Movement I: Allegro con brio: Exposition

In looking at the various themes in this piece, I notice how one of two things happen. The first situation is this. The theme is stated definitively and then its importance in the musical texture is lessened before the new theme is introduced. The second scenario is this: The theme sneaks in through on of the voices and then finally is picked up and played tutti by all the voices, before being discarded. Lets call them Situation I and situation II

From mm 1 – 29 (Situation I) that theme A is stated strongly in all voices and then its passed from the two upper voices until it becomes light and airy and less integral. Then theme B comes in at mm 30, and theme A is relegated to the bass line. This theme B then is strongly stated by the Violin I and carried through until mm. 48. Situation II comes in when theme C, the sequence of ascending 16ths actually starts out softly by the Violin I and then is gradually picked up by all the instruments at mm 54. Situation I is back again when at mm 57-59, the new theme D is played tutti and then given to the viola., but it comes back again tutti at mm 67 briefly.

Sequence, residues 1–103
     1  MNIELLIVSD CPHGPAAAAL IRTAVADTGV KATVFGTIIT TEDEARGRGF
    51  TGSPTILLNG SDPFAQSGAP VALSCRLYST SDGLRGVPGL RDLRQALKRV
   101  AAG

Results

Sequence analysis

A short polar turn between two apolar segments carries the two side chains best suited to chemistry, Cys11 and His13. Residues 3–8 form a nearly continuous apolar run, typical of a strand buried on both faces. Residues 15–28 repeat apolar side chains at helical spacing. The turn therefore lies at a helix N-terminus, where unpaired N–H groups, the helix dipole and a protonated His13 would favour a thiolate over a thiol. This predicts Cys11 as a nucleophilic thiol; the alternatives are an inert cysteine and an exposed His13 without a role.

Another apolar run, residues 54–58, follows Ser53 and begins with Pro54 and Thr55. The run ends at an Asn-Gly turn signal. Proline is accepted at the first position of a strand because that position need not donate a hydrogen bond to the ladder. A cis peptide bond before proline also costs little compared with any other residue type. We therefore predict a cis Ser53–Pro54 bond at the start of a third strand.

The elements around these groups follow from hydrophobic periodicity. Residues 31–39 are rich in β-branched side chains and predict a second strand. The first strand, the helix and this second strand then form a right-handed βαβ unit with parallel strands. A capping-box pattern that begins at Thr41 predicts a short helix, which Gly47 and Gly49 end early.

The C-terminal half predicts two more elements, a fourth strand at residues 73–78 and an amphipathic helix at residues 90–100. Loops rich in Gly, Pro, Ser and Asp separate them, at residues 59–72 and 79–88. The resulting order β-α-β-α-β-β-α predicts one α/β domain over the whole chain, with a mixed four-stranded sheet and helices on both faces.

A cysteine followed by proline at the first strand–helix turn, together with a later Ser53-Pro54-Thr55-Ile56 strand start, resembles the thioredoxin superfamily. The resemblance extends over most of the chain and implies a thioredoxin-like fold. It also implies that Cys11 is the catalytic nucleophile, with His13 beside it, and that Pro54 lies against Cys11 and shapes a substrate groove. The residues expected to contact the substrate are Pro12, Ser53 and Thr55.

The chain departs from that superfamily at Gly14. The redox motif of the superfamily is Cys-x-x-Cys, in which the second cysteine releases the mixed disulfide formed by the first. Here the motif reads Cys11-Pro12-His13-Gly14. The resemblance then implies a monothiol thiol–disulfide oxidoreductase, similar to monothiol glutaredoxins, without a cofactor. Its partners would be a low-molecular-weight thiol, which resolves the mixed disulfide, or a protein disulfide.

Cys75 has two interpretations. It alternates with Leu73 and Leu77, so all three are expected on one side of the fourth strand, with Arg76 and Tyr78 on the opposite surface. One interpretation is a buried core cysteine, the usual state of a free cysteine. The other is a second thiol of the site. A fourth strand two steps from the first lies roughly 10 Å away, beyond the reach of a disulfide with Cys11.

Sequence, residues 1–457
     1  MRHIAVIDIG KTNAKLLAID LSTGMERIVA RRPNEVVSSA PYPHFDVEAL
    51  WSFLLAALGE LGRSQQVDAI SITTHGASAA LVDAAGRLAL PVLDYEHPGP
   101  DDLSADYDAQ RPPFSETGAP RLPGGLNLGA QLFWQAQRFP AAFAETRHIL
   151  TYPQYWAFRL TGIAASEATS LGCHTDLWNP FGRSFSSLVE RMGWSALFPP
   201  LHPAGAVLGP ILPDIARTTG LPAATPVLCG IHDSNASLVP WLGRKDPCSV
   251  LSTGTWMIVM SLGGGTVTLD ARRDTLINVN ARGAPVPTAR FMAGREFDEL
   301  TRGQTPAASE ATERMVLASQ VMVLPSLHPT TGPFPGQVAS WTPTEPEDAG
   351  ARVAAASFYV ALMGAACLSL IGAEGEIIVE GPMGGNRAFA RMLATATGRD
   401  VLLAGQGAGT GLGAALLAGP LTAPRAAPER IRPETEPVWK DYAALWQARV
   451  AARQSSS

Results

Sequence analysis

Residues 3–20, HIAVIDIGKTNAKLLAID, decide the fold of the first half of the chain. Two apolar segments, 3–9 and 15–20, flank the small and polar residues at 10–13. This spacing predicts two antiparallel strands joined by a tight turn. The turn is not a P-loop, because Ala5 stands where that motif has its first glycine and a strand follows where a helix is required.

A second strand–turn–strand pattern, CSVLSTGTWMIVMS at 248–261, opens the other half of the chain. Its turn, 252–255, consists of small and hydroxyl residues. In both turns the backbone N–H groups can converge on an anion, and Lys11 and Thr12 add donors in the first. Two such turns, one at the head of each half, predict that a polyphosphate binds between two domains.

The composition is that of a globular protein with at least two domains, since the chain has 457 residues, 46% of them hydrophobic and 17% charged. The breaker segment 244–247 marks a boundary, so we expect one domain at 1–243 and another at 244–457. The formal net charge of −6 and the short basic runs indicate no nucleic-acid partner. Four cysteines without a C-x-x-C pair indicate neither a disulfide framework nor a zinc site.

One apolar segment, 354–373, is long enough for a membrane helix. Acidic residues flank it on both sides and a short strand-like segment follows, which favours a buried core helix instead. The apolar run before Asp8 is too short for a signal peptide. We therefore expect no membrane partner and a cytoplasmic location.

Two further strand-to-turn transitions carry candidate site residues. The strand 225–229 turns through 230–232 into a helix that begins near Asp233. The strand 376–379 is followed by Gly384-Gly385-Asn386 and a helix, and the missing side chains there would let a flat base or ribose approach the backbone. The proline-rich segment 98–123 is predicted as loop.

At mm. 74, theme A comes back again, but again, tossed playfully between voices until the 16th note runs come back again at mm., 78, with a vengeance. (situation II)

At mm. 85, we have a strongly stated theme E from the top three voices that only briefly stops to give a passing reference to theme A in mm 89 before being picked up again.

Finally, there is the 16th notes frenzy that is again started in the violin I, briefly passed to the bass in mm. 107 and then picked up fiercely by all voices in mm. 111-112 before ending the exposition.

This expository section of the piece seems to mix and match these two situations quite well. It’s impressive to break something that sounds so complex into somewhat simple building blocks of harmony, texture and scoring.

as soon as I figure out how to put up a tabular analysis, I will